Are you a dental patient who has experienced tooth loss? A person who has experienced tooth loss will need some sort of prosthesis to replace the missing teeth. The prosthesis that is chosen should not only improve the aesthetics of your smile, but can help improve speech and pronunciation.
Dentures are custom made dental replacements that can be removed. They are a prosthesis that can also help you chew better, and provides support for your cheeks and lips, which helps correct the collapsed facial appearance that occurs after losing teeth. All of the above reasons are so important for better self-esteem, and better quality of life, which makes getting dentures an appealing idea. Your dentist will be the best person to figure out what form of dental prosthesis is right for you. But, read further as we discuss dentures, a dental replacement option.
Dentures can be partial or full, and they are a great option to consider if you are in need of dental replacements. Modern dentures have never been more useful and comfortable. So, if you have decided to get replacements you will need to know the difference between partial and full dentures. So read further as we explain why a person may need replacements like dentures, and the explanation between partial dentures and full dentures.
Why Would Someone Need Dentures?
As mentioned above, dentures are removable dental replacements for missing teeth. And having missing teeth can cause a whole host of problems for a dental patient. For starters, a patient that has lost one or two teeth may just be considered with how to improve the aesthetics of their smile. However, if a patient has lost a lot of all of their teeth there are many more issues to worry about than appearance. Teeth are important to the structure of the face, and missing teeth can cause your facial muscles to sag. This can cause the patient to have difficulty speaking and pronouncing words. Missing several teeth also means that the patient may have a hard time chewing food, and this can contribute negatively to their overall health. And, did you know that loose teeth can cause any remaining teeth to grow crooked. That is because teeth that are not securely planted into the jawbone can eventually lean into any empty space where there are missing teeth. This will affect the dental patients’ bite, or how the upper and lower sets of teeth come together. It is also difficult to clean crooked teeth. The bottom line is if a person has lost all or many of their teeth, dentures may be the right choice.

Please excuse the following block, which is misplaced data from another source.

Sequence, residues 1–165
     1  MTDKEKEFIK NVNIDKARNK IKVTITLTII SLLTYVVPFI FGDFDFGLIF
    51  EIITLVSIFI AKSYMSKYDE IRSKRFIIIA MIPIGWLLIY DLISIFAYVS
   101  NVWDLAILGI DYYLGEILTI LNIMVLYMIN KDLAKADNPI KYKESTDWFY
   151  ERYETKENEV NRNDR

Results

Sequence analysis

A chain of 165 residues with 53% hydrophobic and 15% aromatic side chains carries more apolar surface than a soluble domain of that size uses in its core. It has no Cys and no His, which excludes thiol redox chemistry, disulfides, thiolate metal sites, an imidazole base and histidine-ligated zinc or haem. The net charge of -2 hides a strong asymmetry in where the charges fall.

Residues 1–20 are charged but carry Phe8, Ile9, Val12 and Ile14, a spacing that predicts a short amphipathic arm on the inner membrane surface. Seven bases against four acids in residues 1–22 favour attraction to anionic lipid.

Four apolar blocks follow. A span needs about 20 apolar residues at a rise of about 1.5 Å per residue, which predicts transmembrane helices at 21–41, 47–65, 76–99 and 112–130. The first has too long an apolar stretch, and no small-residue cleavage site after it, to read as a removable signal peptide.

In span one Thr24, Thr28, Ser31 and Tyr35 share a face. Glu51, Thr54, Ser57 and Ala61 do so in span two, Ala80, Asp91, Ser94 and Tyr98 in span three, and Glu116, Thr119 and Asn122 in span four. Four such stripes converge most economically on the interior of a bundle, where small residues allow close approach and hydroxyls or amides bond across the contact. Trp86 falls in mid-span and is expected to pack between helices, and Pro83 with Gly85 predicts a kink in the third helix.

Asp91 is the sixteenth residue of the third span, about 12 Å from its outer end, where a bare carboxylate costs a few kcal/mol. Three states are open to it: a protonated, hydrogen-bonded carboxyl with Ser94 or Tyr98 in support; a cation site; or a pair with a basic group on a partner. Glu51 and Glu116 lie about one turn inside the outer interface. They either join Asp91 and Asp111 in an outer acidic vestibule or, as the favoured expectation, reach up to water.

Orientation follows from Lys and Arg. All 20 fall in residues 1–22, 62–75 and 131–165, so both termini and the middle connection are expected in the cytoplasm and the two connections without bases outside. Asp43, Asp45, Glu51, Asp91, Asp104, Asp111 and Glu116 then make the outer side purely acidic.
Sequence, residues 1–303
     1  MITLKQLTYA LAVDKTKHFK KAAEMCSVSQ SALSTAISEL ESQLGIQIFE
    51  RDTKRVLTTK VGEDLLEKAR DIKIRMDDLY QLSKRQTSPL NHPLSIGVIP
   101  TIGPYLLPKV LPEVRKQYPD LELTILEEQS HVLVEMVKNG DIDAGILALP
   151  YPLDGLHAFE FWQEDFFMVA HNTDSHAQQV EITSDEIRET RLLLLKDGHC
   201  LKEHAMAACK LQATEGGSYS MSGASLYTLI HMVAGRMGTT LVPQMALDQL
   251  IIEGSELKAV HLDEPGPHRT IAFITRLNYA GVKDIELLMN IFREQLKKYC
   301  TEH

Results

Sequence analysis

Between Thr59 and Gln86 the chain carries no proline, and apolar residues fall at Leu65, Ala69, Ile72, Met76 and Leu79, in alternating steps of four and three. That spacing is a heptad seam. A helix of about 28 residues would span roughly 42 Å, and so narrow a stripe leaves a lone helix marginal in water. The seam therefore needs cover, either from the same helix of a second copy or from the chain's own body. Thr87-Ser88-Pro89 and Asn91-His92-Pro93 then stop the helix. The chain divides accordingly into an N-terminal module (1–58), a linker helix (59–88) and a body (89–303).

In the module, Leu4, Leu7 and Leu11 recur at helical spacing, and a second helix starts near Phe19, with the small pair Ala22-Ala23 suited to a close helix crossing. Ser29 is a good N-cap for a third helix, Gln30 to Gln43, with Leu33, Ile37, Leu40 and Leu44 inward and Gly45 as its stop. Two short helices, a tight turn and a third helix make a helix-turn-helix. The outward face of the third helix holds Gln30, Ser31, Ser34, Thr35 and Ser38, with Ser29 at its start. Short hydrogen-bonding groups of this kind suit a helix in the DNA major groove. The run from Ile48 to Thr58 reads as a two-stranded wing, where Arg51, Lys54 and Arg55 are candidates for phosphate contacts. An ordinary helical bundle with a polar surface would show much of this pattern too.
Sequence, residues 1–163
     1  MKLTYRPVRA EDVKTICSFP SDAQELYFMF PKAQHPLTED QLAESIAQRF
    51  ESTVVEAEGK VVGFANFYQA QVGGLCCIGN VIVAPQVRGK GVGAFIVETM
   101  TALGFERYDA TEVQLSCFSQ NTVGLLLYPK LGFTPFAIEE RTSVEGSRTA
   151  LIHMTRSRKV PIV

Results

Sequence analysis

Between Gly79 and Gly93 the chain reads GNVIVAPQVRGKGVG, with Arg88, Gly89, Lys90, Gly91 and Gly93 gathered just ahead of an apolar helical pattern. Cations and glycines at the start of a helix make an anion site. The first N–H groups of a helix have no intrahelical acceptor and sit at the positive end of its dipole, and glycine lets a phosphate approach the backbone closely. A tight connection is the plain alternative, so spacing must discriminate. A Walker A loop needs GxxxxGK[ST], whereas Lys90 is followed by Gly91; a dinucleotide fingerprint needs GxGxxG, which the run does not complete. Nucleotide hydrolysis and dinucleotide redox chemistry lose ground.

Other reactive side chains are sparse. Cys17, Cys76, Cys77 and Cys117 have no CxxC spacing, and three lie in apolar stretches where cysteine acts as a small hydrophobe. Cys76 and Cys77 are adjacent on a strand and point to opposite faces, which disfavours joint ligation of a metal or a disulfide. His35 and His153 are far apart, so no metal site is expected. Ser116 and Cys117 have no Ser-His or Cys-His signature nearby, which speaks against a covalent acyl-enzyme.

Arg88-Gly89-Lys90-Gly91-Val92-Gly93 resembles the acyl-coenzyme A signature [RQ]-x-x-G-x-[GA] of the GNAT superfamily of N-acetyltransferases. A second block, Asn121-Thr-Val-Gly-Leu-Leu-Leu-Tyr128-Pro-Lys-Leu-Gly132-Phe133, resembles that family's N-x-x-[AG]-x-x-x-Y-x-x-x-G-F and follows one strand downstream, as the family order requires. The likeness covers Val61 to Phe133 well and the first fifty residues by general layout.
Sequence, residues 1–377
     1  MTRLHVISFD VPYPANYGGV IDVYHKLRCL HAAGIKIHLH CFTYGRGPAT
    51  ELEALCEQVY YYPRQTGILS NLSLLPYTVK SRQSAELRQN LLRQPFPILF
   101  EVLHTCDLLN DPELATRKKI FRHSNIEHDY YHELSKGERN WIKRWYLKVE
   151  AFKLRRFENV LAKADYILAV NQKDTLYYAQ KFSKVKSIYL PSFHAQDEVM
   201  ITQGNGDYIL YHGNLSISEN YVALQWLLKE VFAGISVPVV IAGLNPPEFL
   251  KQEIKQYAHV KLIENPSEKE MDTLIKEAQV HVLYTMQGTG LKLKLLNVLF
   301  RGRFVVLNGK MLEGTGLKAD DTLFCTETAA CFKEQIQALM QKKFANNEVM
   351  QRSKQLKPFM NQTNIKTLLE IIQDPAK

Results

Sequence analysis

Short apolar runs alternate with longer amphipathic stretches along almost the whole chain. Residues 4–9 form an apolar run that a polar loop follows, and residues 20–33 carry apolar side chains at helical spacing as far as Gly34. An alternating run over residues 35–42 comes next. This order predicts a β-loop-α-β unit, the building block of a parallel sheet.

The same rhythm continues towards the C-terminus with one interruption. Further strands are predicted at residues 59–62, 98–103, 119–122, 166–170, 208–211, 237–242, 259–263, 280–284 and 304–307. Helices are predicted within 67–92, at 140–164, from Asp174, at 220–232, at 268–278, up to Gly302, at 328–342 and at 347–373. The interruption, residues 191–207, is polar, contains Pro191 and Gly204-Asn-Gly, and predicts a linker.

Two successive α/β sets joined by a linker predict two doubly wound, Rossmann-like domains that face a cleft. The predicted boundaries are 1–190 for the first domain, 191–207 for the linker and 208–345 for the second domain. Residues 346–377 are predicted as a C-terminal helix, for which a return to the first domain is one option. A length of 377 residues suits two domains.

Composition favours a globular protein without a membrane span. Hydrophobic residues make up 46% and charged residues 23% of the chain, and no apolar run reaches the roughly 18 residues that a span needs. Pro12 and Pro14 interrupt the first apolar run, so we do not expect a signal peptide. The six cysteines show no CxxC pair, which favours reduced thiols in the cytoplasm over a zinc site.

Who Needs Full Dentures?
Full or complete dentures are needed for people who have lost all their natural teeth. Full dentures are custom made for each dental patient. They are meant to be removable, but they function as replacements for missing teeth. Usually, if a person is receiving full dentures, it means that all of the teeth in the lower and upper part of the mouth must be removed. Then, after the removal, the gums have to heal before the full dentures can be fitted.
A conventional full denture is ready to be placed in the mouth eight to twelve weeks after the teeth have been removed. A full denture is made from plastic that is flesh-colored and it sits on the gums. The denture fits snugly and serves as real teeth. Modern dentures are very realistic looking, and the aesthetics of dentures have come a long way. Modern dentures also fit way better than ever before.
Who Needs Partial Dentures?
Partial dentures are used when a dental patient has lost a few natural teeth, but one or more natural teeth remain in the lower or upper jaw. So, a partial denture usually consists of replacement teeth that are attached to a flesh-colored plastic base. Sometimes, the base is connected by a metal framework that helps hold the partial denture into place. Partial dentures are also made to be removed, and it can fill in the spaces from missing teeth. Partial dentures also prevent the remaining teeth from changing position.
How Do New Dentures Feel?
It is not unusual for some minor irritation or tenderness to occur when you first start to wear your dentures. They may feel odd for a few weeks as your facial muscles and tongue get used to them. It will also take a bit of time getting efficient at inserting and removing the dentures. Beside soreness, a patient may also have their saliva flow increase as they adjust to wearing dentures. Luckily, these problems do get better and tend to resolve as the mouth adjusts.